EMU grant will increase mental healthcare services

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Photo courtesy Eastern Mennonite University.

The Master’s in Counseling program at Eastern Mennonite University has been awarded a four-year grant continuation from the Health Resources and Services Administration to increase access to mental and behavioral healthcare in the Shenandoah Valley. The grant, which is funded through the administration’s Behavioral Health Workforce Education Training program, will provide $1.01 million to the counseling department to support counseling students in internships in high-demand clinics and provider offices.

The department was first awarded this grant in 2017, when it received $1.28 million to be used over the past four years.

“We were able to fund almost all of our internship students with $10,000 stipends, expand our partnerships with internship placements in rural and medically underserved areas, design and implement a series of interprofessional seminars each year, and host expert speakers,” said Professor Michael Horst, director of the counseling program.

Once again, counseling students who are serving in high need and high demand areas will each receive a $10,000 stipend, and the remaining 38% of the funds will go towards trainings for students, faculty, and site supervisors. The goal of the project is to fund the work of 63 interns over the next four years.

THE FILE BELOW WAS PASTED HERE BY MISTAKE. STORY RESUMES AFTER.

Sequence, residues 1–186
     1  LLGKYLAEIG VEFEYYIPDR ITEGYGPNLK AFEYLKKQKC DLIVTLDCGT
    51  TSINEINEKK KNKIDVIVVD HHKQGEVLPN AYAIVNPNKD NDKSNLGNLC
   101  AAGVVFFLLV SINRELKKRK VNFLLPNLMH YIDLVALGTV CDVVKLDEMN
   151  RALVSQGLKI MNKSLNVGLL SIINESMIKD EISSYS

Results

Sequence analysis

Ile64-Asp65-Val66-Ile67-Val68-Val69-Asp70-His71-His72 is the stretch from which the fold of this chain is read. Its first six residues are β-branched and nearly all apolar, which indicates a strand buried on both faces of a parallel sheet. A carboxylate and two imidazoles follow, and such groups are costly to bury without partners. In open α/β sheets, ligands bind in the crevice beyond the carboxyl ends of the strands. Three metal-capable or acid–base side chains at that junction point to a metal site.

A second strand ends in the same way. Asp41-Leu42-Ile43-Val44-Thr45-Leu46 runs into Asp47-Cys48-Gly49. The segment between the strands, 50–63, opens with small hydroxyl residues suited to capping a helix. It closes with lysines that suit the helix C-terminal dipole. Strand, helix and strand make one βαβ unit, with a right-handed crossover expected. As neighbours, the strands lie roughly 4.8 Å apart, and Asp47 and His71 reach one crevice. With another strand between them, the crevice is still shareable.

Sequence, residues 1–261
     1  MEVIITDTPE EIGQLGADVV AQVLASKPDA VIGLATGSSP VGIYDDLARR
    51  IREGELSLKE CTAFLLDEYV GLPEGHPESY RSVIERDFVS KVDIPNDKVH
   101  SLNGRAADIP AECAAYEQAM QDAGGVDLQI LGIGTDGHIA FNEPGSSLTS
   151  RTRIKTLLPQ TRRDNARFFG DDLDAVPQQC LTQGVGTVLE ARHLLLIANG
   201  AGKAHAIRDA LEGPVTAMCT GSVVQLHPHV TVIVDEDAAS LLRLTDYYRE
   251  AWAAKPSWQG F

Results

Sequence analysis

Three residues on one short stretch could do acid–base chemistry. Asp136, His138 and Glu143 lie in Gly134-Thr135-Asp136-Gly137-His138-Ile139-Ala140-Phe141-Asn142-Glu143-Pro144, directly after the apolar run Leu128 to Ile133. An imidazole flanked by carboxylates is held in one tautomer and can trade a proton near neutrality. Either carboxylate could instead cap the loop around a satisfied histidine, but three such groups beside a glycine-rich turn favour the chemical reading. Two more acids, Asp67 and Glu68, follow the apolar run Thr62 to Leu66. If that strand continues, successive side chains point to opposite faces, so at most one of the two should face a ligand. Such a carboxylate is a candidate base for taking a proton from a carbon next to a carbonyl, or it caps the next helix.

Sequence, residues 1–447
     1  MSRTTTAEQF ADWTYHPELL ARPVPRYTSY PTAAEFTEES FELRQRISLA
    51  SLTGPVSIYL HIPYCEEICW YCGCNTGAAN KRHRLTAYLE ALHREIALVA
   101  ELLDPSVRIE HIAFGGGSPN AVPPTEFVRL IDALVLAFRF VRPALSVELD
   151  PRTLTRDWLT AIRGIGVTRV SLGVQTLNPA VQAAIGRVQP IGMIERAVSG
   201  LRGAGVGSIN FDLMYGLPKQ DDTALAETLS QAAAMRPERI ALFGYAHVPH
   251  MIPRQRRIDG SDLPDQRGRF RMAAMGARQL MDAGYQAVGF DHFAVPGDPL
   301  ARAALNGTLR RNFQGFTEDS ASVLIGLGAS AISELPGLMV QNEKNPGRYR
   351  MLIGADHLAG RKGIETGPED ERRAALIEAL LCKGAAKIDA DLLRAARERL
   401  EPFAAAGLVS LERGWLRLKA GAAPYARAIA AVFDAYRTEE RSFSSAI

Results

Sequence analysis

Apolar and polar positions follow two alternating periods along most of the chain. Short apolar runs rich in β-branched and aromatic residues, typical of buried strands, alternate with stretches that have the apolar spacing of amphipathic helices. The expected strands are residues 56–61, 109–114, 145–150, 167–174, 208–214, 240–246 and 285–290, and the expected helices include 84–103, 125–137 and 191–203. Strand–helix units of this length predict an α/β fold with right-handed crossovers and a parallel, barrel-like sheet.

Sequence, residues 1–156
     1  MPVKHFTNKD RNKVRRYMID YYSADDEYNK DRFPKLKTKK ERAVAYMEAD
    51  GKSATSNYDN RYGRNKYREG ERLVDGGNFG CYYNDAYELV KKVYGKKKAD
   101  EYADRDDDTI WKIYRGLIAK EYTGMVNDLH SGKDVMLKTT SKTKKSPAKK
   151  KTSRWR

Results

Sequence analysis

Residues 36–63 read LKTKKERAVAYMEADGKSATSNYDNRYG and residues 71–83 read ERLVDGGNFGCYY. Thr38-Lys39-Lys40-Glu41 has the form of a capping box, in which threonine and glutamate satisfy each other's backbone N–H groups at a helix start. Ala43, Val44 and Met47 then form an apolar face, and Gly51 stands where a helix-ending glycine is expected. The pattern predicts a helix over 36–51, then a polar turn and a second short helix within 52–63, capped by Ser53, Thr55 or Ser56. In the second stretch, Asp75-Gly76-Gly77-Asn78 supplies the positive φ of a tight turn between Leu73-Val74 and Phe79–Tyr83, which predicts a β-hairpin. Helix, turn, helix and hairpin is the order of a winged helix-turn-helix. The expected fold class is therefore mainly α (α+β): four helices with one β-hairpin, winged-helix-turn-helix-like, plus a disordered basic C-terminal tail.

The stipends “are meant to defray costs of living, so they don’t need to go towards things like tuition or books, and, through federal funding, recognize the vital importance of the services our students provide to our communities,” said Horst.

This initiative, dubbed the Interdisciplinary Education In Action (IDEA) Project continues and builds upon the work started under the first round of grant funding: the ECURA Program, which stood for Expansion of Counseling in Underserved and Rural Areas.

Horst said the same unmet need for counseling and behavioral health services “has been exacerbated by the COVID-19 pandemic,” with many providers he knows operating with long waiting lists for services.

Trainings will be led by expert speakers, such as Dr. Bonnie Badenoch, who spoke to program participants last year about the interpersonal neurobiology of trauma. Future educational opportunities will also focus  on trauma-informed and resilience-focused practices, as well as telecounseling ethics and efficacy.

“Telehealth was growing before COVID, but it has exploded since,” Horst said.

Another component of the project is a series of interdisciplinary seminars, which will be designed by faculty from the fields of counseling, social work, nursing, and psychology, to benefit all of their students.

Founded in 1993, the counseling program is accredited by the Council for Accreditation of Counseling and Related Educational Programs.

Story by Randi B. Hagi


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